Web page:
Painting divided into four alternating blue and orange zones with dancing figures
Faith Ringgold, ‘Black Light Series #12: Party Time,’ 1969. Oil on canvas, 59.75 × 84 in. (© Faith Ringgold / ARS, NY and DACS, London, courtesy ACA Galleries, New York)

Between political posters like the powerful United States of Attica and the wide-ranging, fantastical story quilts about a Black artist in France (The French Collection), Ringgold adapted her practice to suit her subject matter. The former are striking designs calling for civil rights, justice and an end to state-sanctioned violence. They remain, in many instances, timely. The latter is a series of poetic, expansive considerations on the decisions female artists face when it comes to marriage, children and securing their place in art history. The central character, Willia Marie Simone, combines a version of Ringgold and her mother, Willi Posey, a Harlem fashion designer.

In both the posters and The French Collection, Ringgold created her own vision of what the world should be. Again and again, her work is rooted to a time and place, but her voice and artistic approach to her subjects carry across the years, as fresh and relevant as the day each piece was made.

This was most evident in the new-to-me collection of soft sculptures, some connected to performances Ringgold first staged in 1976 with The Wake and Resurrection of the Bicentennial Negro. In this strong critique of the American Bicentennial, staged as a scene of mourning, Ringgold points out that 1776 was not a moment of independence for all. The piece’s wall text includes a quote from the artist: “For almost half of that time we had been in slavery, and for most of the following years we had still been struggling to become fully free.”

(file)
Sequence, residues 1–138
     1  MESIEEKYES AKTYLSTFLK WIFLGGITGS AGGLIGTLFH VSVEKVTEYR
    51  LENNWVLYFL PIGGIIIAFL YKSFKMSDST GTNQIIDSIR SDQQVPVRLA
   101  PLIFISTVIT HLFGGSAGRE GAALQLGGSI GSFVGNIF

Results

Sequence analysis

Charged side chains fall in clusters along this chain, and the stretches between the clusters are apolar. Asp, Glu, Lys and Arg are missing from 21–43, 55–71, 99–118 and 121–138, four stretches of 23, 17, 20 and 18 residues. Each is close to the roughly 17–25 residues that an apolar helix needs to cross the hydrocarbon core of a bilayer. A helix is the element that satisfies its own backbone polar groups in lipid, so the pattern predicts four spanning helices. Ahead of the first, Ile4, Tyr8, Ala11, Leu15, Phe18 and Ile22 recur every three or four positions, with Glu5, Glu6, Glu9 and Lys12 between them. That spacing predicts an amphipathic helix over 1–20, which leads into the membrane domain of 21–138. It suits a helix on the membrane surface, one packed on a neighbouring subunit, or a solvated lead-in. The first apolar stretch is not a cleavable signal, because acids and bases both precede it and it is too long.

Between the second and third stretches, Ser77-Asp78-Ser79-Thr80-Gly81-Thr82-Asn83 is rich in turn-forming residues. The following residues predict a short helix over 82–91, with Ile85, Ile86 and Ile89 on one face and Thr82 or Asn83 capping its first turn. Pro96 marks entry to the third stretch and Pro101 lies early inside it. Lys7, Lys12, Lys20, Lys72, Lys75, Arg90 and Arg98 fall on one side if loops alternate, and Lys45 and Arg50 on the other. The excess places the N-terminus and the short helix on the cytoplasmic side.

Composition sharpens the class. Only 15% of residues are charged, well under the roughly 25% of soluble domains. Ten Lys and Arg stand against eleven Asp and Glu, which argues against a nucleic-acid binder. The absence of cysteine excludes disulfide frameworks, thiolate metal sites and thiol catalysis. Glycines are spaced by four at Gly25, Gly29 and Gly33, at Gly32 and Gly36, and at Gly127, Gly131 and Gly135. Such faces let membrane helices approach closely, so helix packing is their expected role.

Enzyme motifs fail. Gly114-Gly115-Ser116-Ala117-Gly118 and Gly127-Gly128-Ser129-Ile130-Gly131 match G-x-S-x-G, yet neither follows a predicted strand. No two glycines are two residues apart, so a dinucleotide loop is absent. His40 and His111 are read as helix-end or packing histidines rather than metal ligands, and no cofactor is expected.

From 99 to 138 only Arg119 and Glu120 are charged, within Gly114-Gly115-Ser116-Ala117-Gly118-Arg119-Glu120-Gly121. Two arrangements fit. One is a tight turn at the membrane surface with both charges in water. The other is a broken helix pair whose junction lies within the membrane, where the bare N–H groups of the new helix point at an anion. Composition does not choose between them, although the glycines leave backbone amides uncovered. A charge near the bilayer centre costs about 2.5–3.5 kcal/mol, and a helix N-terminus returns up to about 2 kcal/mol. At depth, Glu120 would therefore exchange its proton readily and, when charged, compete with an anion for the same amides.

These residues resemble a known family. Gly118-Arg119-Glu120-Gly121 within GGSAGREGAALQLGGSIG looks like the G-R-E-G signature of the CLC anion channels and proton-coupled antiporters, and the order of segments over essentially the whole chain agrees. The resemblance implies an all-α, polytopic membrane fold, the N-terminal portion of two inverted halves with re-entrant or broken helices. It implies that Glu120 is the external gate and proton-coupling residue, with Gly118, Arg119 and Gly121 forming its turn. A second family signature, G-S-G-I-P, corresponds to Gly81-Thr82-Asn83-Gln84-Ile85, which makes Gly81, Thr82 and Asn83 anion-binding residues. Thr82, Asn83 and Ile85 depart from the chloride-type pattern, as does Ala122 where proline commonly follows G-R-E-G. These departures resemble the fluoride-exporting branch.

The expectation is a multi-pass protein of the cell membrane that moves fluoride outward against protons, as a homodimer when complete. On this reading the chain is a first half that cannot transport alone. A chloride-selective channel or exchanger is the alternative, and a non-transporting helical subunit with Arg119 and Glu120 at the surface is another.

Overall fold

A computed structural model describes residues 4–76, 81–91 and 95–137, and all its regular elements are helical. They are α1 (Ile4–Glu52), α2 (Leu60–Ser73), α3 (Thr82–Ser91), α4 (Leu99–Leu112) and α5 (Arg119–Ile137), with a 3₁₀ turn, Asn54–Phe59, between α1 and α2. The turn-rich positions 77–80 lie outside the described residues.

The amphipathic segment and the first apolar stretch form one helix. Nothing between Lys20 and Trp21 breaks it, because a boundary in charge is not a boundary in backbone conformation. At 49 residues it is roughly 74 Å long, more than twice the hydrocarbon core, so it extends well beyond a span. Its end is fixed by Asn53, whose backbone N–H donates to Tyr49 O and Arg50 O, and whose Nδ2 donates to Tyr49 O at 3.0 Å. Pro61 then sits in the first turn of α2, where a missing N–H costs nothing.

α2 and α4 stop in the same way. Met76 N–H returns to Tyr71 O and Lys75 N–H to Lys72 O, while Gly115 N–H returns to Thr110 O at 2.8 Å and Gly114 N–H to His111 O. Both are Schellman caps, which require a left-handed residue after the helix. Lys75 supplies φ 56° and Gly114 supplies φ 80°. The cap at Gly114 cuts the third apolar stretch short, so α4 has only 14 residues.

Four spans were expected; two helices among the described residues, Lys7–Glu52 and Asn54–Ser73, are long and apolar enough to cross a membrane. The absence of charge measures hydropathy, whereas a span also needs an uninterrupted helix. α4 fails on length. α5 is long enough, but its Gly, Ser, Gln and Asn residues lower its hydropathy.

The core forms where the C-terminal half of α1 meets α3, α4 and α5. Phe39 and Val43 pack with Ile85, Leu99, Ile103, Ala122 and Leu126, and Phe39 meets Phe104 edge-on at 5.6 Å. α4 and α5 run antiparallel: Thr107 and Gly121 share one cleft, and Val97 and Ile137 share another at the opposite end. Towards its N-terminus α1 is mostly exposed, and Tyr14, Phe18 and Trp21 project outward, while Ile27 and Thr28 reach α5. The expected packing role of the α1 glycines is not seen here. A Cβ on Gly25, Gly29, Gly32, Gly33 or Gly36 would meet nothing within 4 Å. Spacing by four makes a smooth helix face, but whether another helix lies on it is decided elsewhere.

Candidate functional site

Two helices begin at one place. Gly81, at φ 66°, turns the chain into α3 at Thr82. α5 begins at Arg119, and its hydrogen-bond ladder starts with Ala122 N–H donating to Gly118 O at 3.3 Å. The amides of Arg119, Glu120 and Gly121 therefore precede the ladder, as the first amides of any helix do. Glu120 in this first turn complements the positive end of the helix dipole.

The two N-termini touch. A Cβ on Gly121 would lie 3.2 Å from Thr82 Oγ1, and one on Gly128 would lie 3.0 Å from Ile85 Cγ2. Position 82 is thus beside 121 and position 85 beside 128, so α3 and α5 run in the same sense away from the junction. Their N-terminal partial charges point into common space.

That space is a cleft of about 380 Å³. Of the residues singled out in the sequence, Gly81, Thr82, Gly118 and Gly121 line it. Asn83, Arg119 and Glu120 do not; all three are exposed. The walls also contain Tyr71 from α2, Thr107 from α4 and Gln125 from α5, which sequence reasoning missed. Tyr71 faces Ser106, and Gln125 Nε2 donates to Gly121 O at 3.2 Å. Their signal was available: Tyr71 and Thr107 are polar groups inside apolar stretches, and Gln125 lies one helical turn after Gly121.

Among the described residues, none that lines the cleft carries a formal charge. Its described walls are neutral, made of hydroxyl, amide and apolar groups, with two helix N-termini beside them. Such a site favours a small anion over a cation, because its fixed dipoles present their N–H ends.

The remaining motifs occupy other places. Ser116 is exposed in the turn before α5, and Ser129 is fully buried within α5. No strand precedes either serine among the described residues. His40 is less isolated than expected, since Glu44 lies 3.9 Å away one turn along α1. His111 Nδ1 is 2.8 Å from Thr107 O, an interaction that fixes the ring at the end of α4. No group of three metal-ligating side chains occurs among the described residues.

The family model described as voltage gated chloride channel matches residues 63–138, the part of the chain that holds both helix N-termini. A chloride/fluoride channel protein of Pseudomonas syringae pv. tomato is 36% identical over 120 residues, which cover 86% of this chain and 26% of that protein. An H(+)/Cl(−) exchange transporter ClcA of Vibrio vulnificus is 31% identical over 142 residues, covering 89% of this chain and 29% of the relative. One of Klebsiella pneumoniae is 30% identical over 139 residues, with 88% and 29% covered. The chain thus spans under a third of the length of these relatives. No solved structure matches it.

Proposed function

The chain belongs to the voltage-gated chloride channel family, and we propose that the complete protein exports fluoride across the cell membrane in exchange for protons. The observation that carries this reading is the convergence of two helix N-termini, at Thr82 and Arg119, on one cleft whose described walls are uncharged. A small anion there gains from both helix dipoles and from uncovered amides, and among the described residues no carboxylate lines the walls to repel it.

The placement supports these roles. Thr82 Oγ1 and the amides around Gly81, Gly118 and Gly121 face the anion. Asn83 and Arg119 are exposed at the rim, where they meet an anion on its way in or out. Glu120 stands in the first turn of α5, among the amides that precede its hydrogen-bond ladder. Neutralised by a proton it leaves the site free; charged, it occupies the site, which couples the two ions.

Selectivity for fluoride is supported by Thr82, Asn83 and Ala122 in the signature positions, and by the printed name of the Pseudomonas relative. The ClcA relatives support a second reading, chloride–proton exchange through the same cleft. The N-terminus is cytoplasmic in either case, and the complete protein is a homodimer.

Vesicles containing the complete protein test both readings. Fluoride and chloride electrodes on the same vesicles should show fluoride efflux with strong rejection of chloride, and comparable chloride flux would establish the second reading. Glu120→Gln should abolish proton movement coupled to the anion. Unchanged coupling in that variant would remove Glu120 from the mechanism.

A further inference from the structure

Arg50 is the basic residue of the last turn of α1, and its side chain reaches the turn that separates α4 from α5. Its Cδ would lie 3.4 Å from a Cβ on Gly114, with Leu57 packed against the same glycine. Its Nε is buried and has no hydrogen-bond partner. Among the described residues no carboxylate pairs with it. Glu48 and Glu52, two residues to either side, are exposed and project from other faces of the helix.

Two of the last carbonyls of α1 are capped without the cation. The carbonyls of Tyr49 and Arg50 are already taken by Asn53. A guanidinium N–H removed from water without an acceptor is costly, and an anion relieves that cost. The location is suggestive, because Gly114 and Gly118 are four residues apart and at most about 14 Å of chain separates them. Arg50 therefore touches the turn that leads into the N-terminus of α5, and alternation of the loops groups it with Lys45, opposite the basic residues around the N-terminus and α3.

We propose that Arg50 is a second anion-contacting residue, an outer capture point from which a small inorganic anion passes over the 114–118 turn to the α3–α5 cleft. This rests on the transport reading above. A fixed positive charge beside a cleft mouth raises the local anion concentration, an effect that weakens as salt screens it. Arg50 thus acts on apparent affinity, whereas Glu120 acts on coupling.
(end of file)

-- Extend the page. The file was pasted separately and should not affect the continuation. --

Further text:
Gallery view with glass-enclosed space of life-sized sewn figures.
Installation view of ‘Faith Ringgold: American People’ with the artist’s soft sculptures at right. (Photo by Gary Sexton; courtesy of the Fine Arts Museums of San Francisco)

The de Young has brought incredible retrospectives of women artists to San Francisco over the past two years; Judy Chicago, Alice Neel, and now, Ringgold. In these shows, certain themes have emerged to explain why these retrospectives are happening now: works amassing in storage; historic relegation to “feminist” or “political” categories; being out of sync with market trends; later-in-life recognition. I have absolutely been seduced by these narratives. But this framing so often belies the hard work and accomplishments that came well before a museum decided to bill their retrospective as “long overdue.”

Ringgold is the recipient of more than 23 honorary doctorate degrees. She has published multiple children’s books and a memoir. She was a key member of seminal activist organizations, including Art Workers’ Coalition, the Ad Hoc Women Artists’ Committee and Where We At. With her two daughters, she helped found the Women Students and Artists for Black Art Liberation. None of this means that she didn’t face racism and sexism, but it’s important to understand just how much Ringgold has done in life, while under the steadfast belief that as an American, she can speak and make as she wants.

As Amiri Baraka wrote in 1985, “Faith Ringgold’s works have existed within the parameters of ‘American Art’ but have never been squashed by the exclusion and denial of reality that American art sometimes is.”


‘Faith Ringgold: American People’ is on view at the de Young museum through Nov. 27, 2022. Details here.